Jacques Cousteau: Biography, Inventions & Exploration

Instructor: Judith Schultz

Judy has been teaching college History for 17 years and holds both a Master's and a PhD in History. She grew up in suburban Chicago & now lives in Tucson AZ

Jacques-Yves Cousteau was a scientist, naval officer, explorer, inventor, writer, and filmmaker. By the 1970s, he was a celebrity with his own television series. He worked to inspire people to care for the world's oceans and for the sea life living within them.

Early Life

Jacques-Yves Cousteau was a French scientist, naval officer, explorer, inventor, writer, television presenter, and filmmaker.

Born in a small village in southwestern France in 1910, Cousteau spent some of his early years suffering from a variety of medical ailments and did not particularly enjoy school. His curiosity drew him towards a love of water and a fascination with taking things apart and putting them back together. His family moved to New York in the early 1920s, and during his relatively brief time living in the United Sates, Cousteau learned to speak English. He also used his time in summer camps to become a skilled swimmer and spent as much time as he could staying under the water.

The family moved back to France when Cousteau reached his teen years, and he was sent to a boarding school to further his studies. He entered college in Paris and just a few years later, at 20 years old, Cousteau took the entrance exam for the French Naval Academy. He did well at the academy, and Cousteau received his commission as a second lieutenant in the French Navy in 1933. Once an officer, Cousteau set his sights on becoming a Navy pilot, but a devastating car accident in 1936 changed that plan. Because he suffered multiple fractures and faced a long recovery, Cousteau could no longer meet the physical requirements to be a pilot. But it was during his recovery and many hours spent swimming to regain his strength that Cousteau rediscovered his love of water and decided that his career and future would be in exploring the seas.

Jacques Cousteau

World War II

Increased political tensions between European countries and the rise of Adolf Hitler in Germany in the 1930s eventually resulted in the beginning of World War II in 1939. For Cousteau, the onset of war meant continuing to serve in the military, but within his duties he was also able to continue research and experimentation with breathing equipment that would allow divers to stay under water for longer periods of time. The self-contained underwater breathing apparatus (better known as scuba equipment) had been invented, but Cousteau was determined to find ways to improve the breathing regulator devices on scuba tanks so that divers had more time underwater and could dive to greater depths. Divers were limited by very short periods of oxygen delivery, and Cousteau discovered that pure oxygen continuously coming through to the diver eventually caused toxicity and a deadly loss of consciousness at just 45 feet below the water's surface. Cousteau knew of a device called a demand regulator that had been designed by engineer Émile Gagnan. The demand regulator could be controlled to deliver gas in machines and cars when needed and not continuously. Cousteau partnered with Gagnan to adapt the demand regulator to scuba tanks. They had success in 1943, and the demand regulator for divers that they invented was called the Aqua-Lung. The Aqua-Lung tank acted just like the diver's lungs and only delivered air when the diver breathed in and not continuously.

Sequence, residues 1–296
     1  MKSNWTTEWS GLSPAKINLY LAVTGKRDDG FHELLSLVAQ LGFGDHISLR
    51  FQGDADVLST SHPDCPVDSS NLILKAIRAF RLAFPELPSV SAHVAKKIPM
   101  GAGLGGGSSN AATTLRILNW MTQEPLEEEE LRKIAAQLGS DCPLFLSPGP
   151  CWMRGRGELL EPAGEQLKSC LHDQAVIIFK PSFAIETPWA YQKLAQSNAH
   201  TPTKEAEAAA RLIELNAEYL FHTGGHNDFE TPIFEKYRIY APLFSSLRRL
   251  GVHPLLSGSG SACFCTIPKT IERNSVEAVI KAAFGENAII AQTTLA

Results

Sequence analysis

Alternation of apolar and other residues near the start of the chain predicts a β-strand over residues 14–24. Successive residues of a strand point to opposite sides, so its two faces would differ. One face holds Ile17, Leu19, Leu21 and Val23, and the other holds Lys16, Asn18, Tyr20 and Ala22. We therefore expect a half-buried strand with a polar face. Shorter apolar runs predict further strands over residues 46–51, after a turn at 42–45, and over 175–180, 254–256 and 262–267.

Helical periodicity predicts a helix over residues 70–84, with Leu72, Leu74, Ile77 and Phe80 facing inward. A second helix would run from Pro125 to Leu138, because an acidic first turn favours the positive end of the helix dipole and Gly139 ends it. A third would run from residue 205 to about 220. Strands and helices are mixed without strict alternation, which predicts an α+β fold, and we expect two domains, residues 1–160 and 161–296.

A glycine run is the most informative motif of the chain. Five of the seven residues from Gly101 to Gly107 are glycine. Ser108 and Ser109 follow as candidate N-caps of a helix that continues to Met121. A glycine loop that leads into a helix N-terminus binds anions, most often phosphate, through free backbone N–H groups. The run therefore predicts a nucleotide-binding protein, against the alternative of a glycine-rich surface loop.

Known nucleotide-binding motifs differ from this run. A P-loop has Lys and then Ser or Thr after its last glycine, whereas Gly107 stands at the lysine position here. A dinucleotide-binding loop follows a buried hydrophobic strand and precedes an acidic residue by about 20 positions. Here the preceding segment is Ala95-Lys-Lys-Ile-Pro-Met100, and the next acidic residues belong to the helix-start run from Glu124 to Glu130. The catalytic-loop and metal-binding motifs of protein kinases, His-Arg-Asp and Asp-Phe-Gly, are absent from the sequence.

After the War

Cousteau received several honors for his military service during WWII, but the end of war allowed him to begin working on his own goals with more energy and time. He teamed up with other experts and scientists to do research expeditions, and together these teams did the first underwater archaeology. But what Cousteau wanted most was his own research vessel, and in 1950 he leased an old British minesweeper and did the conversions that it needed to become an ocean research ship. He named the ship Calypso, and he spent the next 47 years working from the Calypso.

Throughout the next ten years, Cousteau continued his expeditions and research, but he also became a savvy businessman and promoter of his work in order to continuously raise funds for his work. He wrote books and produced documentary films that brought audiences under the sea with him. In 1956, he won his first of three Academy Awards for his 90-minute documentary The Silent World. Jacques Cousteau was adept at balancing serious research, expeditions, and inventions with outreach to audiences across the world.

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